An informative piece circulated on Twitter recently caught my attention. The post by Jeff Bullas, Social Media Marketing: 10 Inspiring Infographics shares some good examples of the power and influence social media has on the behaviors and buying patterns of consumers. Jeff also discusses the conversation related to the shift from outbound marketing efforts, or what I like to call “shameless self-promotion”, to more appealing, conversational inbound marketing tactics. This article was of great interest, being I led a discussion on the move to a more educated consumer, new buying behaviors and how social networking is a driving factor behind these shifts during my session at the Practice Management Institute national conference.
Healthcare Social media and Inbound vs. Outbound Marketing
With consumerism abound in healthcare, these same shifts in patient decision-making behaviors and choices in physicians/institutions are becoming increasingly difficult to ignore. With this adjustment in action, to be effective at reaching your patient (or referring physician, organization, etc) one must understand the difference between these two approaches to marketing. My friend and colleague Howard Luks, MD, does a great job of outlining these differences in his recent post: Social Media and Healthcare: Inbound vs. Outbound Marketing (be sure to check it out!). In his post he poses the question, “does your marketing professional understand the difference?”
How to do Inbound Healthcare Marketing Right
As a marketer in the healthcare field, I have a few additional thoughts and tips to consider in building your organization’s marketing strategy and looking to undertake more inbound concepts verses the “shameless self-promotion” approach I mentioned earlier.
1. Don’t put all your marketing eggs in one basket; it’s crucial you STILL diversify your marketing mix! It’s true; there is still room for more traditional forms of marketing such as TV, radio and print. It’s all about your message! You can engage an audience and provide educational content through these traditional mediums; it doesn’t all have to be about solely promoting services or providers. However, for a healthy balanced marketing strategy, you must use these more traditional methods in conjunction with fresh inbound tactics, including social media.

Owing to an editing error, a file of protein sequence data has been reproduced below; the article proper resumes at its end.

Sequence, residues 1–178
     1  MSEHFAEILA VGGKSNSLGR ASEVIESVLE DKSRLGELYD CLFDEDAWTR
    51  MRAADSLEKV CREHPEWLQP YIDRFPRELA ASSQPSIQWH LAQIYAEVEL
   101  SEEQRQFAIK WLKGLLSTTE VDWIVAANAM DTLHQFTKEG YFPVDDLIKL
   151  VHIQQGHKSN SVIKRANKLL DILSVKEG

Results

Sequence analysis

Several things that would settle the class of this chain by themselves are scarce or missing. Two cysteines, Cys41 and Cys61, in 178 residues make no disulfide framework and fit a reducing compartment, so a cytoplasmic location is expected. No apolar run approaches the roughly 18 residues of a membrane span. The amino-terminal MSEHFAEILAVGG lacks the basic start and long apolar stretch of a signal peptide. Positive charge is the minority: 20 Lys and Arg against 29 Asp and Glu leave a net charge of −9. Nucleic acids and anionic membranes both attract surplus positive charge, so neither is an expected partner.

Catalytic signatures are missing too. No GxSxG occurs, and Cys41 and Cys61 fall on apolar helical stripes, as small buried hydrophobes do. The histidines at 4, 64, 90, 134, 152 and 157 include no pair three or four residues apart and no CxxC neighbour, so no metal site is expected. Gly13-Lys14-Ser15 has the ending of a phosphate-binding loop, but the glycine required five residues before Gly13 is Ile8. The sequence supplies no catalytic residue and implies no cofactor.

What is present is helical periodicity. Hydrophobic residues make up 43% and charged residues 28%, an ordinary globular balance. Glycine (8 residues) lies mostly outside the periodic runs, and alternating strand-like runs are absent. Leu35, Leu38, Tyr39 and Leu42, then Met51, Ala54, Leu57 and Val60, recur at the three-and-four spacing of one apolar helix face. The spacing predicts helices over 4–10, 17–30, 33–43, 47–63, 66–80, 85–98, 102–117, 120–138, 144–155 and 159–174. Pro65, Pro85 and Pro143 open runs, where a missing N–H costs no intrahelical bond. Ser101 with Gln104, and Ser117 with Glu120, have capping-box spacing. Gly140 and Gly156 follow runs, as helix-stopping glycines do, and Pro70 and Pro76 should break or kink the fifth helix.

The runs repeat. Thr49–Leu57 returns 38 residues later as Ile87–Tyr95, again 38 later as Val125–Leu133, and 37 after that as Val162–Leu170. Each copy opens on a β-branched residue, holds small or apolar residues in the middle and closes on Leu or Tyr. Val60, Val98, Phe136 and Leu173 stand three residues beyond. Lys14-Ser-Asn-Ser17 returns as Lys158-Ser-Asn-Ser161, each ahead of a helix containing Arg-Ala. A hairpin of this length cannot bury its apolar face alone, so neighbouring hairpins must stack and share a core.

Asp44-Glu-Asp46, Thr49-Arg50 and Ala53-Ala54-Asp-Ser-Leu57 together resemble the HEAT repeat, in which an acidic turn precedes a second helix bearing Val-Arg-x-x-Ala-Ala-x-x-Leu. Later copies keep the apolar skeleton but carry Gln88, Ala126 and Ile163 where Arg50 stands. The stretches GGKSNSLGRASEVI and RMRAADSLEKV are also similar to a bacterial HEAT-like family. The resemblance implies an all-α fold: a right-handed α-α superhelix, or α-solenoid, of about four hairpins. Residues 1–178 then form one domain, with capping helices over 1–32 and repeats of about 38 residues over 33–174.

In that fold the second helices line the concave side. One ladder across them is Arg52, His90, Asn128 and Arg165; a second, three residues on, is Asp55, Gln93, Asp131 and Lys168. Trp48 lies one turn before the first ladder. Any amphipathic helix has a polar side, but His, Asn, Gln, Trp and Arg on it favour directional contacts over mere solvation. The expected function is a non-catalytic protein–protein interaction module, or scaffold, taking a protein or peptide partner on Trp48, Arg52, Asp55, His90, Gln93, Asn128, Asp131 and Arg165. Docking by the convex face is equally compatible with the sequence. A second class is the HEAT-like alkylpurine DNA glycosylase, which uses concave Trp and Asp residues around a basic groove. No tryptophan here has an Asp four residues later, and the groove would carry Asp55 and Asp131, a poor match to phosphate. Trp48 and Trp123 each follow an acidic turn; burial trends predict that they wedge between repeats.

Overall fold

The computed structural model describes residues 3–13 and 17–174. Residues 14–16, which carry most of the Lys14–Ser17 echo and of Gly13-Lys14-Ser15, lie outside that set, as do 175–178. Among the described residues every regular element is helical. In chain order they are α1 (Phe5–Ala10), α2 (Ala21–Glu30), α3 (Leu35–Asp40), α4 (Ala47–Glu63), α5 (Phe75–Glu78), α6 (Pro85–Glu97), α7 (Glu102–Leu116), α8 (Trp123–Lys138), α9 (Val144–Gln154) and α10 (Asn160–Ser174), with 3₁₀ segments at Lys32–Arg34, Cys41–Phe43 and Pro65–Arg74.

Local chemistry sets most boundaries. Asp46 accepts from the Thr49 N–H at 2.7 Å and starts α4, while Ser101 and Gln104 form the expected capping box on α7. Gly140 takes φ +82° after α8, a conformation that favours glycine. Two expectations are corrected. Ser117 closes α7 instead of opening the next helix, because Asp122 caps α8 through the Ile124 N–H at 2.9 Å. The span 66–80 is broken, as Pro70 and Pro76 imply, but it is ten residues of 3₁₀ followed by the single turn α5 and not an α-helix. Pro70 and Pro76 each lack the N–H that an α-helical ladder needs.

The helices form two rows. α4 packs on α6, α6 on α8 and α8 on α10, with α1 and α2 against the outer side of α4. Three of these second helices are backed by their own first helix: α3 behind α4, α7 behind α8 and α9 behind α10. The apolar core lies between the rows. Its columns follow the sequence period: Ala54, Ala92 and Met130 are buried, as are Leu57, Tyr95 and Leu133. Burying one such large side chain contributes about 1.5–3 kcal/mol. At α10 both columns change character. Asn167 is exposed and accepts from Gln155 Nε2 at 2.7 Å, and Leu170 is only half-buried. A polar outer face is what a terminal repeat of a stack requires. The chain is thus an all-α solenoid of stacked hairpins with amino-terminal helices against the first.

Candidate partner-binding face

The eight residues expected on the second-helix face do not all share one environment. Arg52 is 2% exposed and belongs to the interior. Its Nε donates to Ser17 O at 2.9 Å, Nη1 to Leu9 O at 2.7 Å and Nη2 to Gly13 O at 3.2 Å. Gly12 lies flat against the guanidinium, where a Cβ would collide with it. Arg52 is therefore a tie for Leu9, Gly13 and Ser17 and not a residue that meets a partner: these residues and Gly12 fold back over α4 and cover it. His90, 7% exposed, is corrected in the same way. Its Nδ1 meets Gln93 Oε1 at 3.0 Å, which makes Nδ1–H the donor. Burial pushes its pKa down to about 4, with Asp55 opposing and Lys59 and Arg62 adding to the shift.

2. You’ve got to make it real for your audience! Consistent research shows your patients look to peers for recommendations, not to the advertisements they hear and see. Your patients are now on Facebook, Twitter….and other social networking sites! So, engage in these sites and make it easy for patients to sing your physicians’/institutions’ praises to their peers. Patient testimonials make it REAL for your audience; they can connect with your current patients, their stories and their reasoning behind choosing you. Stories sell. Period.
3. Take the time to know your audience! Even with inbound marketing tactics, you can still miss truly interacting with your audience. Take time to find out who you are talking to, who you want to attract, who you want the information to engage and ultimately who you want walking through the doors of your office. Marketing your practice can be a daunting task, but keep in mind, your goal as a healthcare provider should be to provide educational content to your audience. Continuing to focus on providing educational information and becoming a health resource to patients, potential patients and the community will bring success in reaching and engaging your audience.
One must understand, you cannot be everything to everyone, even with the use of social media channels. Stick to your message, engage your audience and produce quality content within your physicians’ or institutions’ realm of expertise.
Symplur Signals promotes deep understanding of healthcare as seen by patients, doctors and other stakeholders with real-time access to insights from over a billion healthcare social media data points.
Learn how pharma, medical device companies, government and research institutions are using Symplur Signals.
Leave a Reply